Fair treatment of seafarers
The Guidelines on fair treatment of seafarers in the event of a maritime accident were adopted by the Legal Committee at its last session and by the Governing Body of the ILO at its 296th session on 12 June this year.

The Legal Committee, at this session, discussed submissions relating to possible changes, but decided, at this point in time, that it would be premature to amend the Guidelines. The Committee agreed, however, that review and monitoring of the Guidelines should be kept on its agenda.

Claims for death, personal injury and abandonment of seafarers
The Committee invited the Joint IMO/ILO Ad Hoc Expert Working Group on Liability and Compensation regarding Claims for Death, Personal Injury and Abandonment of Seafarers to make arrangements to hold a seventh session, with a view to developing a standard and guidelines in relation to such claims.

This invitation was extended, in part, following a resolution adopted by the ILO International Labour Conference which, at its 94th session in February this year, adopted the 2006 Maritime Labour Convention. The ILO Resolution notes that the text in the Convention does not address many of the provisions set out in the Guidelines on Shipowners' Responsibilities in respect of Contractual Claims for Personal Injury to or Death of Seafarers and the Guidelines on Provision of Financial Security in Cases of Abandonment of Seafarers, which have been adopted by both the IMO Assembly and the ILO Governing Body. The resolution, therefore, recommends to both Organizations that the way forward would be for the Working Group to develop a standard accompanied by guidelines, which could be included in the Maritime Labour Convention or another existing instrument, at a later date.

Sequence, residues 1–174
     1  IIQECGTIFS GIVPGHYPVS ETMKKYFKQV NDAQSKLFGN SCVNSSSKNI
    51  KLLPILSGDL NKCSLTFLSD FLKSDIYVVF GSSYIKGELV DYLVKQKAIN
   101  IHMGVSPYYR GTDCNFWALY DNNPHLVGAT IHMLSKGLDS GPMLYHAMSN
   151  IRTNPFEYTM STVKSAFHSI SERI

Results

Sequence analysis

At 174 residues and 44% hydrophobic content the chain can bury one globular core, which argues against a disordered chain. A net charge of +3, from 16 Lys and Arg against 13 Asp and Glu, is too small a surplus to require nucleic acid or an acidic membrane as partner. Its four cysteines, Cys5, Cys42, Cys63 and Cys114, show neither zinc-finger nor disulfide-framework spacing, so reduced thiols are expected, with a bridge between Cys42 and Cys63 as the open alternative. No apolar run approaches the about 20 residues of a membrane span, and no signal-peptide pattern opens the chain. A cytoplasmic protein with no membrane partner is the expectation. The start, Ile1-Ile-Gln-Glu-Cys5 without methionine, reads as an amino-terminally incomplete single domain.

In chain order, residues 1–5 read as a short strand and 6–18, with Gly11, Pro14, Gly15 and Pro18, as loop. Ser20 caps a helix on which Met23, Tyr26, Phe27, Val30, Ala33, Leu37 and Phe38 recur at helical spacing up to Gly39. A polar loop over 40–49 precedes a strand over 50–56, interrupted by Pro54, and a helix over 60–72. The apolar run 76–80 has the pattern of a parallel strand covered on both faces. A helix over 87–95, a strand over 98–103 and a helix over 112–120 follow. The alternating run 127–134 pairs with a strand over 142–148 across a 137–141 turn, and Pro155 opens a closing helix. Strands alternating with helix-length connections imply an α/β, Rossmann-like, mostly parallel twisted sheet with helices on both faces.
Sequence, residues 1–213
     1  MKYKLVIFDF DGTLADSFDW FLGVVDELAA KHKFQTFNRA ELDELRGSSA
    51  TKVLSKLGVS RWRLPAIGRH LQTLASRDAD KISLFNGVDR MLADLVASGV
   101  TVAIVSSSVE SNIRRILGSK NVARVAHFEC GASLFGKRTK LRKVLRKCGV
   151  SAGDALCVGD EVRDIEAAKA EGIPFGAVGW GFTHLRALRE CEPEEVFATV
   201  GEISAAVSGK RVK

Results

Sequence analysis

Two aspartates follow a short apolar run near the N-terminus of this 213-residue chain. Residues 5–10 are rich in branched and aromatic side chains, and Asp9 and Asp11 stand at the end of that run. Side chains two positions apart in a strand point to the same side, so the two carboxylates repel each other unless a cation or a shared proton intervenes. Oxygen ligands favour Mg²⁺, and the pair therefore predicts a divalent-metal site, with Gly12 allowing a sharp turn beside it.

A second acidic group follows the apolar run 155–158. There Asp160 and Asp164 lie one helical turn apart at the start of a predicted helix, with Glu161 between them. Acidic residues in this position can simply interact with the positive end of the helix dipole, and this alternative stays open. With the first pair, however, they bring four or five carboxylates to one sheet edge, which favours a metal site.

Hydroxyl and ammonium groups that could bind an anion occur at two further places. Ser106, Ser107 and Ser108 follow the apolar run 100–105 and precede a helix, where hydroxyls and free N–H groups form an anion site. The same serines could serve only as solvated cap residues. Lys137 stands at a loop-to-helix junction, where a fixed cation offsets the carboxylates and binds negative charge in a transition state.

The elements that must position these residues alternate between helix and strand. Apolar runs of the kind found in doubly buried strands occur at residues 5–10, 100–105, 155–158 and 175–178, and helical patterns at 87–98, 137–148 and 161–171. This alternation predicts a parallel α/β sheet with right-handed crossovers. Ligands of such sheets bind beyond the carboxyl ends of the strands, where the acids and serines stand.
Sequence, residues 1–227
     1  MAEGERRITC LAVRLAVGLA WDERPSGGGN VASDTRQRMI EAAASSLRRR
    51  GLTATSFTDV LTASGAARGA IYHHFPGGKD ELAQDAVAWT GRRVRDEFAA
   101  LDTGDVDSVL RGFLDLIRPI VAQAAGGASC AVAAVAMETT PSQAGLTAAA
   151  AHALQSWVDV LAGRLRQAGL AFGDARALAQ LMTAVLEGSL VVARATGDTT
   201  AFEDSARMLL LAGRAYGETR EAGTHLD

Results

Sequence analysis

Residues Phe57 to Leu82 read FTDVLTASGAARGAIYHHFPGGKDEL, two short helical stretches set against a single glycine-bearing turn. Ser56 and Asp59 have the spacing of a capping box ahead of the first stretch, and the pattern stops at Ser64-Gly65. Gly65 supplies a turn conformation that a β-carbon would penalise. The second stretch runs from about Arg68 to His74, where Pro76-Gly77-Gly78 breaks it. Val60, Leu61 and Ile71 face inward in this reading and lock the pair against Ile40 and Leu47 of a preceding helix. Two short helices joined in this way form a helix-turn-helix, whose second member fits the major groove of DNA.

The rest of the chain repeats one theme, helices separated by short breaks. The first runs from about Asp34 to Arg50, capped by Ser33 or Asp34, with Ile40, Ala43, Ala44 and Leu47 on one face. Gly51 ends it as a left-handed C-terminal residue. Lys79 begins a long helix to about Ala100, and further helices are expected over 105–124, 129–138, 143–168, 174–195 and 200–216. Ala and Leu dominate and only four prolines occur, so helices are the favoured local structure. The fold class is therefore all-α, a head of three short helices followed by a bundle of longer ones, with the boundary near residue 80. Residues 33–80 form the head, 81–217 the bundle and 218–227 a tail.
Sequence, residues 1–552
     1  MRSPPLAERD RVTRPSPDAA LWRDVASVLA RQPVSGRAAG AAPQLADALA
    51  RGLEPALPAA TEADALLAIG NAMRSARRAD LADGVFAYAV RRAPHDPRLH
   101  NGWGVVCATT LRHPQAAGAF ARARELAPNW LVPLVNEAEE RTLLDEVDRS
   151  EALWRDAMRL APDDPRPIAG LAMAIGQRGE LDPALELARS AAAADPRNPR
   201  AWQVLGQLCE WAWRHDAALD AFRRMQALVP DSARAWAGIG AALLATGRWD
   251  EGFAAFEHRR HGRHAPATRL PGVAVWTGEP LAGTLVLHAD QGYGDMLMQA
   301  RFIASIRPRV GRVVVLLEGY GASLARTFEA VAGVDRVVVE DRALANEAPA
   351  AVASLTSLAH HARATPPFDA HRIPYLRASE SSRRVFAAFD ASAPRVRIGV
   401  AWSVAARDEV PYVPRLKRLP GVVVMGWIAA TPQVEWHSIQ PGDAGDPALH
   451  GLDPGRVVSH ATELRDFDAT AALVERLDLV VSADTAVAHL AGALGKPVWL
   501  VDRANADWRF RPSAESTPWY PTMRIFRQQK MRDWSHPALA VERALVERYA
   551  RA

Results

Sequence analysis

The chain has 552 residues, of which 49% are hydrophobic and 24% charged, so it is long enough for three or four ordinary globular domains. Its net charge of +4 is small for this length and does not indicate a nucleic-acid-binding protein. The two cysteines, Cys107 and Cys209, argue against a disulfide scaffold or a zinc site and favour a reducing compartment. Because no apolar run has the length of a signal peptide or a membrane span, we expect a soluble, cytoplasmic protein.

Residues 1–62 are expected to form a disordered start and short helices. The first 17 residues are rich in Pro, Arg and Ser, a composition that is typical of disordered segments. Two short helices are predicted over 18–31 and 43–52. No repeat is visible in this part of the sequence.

The Committee was also updated on the Database on Abandonment of Seafarers which can be viewed on the ILO website (http://www.ilo.org/dyn/seafarers/seafarersbrowse.home). The database currently includes 40 reported cases, 22 of which had been agreed as resolved.

HNS Convention
The Committee was updated on the status of the 1996 International Convention on Liability and Compensation for Damage in connection with the Carriage of Hazardous and Noxious Substances by Sea (the HNS Convention).

The HNS Convention currently has eight Contracting States (Angola, Cyprus, Morocco, Russian Federation, Saint Kitts and Nevis, Samoa, Slovenia and Tonga). Entry into force will occur 18 months after 12 States have accepted the Convention, four of which have not less than two million units of gross tonnage, provided that persons in these States who would be responsible to pay contributions to the general account have received a total quantity of at least 40 million tonnes of contributing cargo in the preceding calendar year.

The Committee was reminded of the obligation, pursuant to Article 43 of the Convention, for States to submit information on contributing cargo received, or, in the case of LNG, discharged in that State, when depositing their instruments of ratification or acceptance with the Secretary-General, and annually thereafter, until the Convention has entered into force.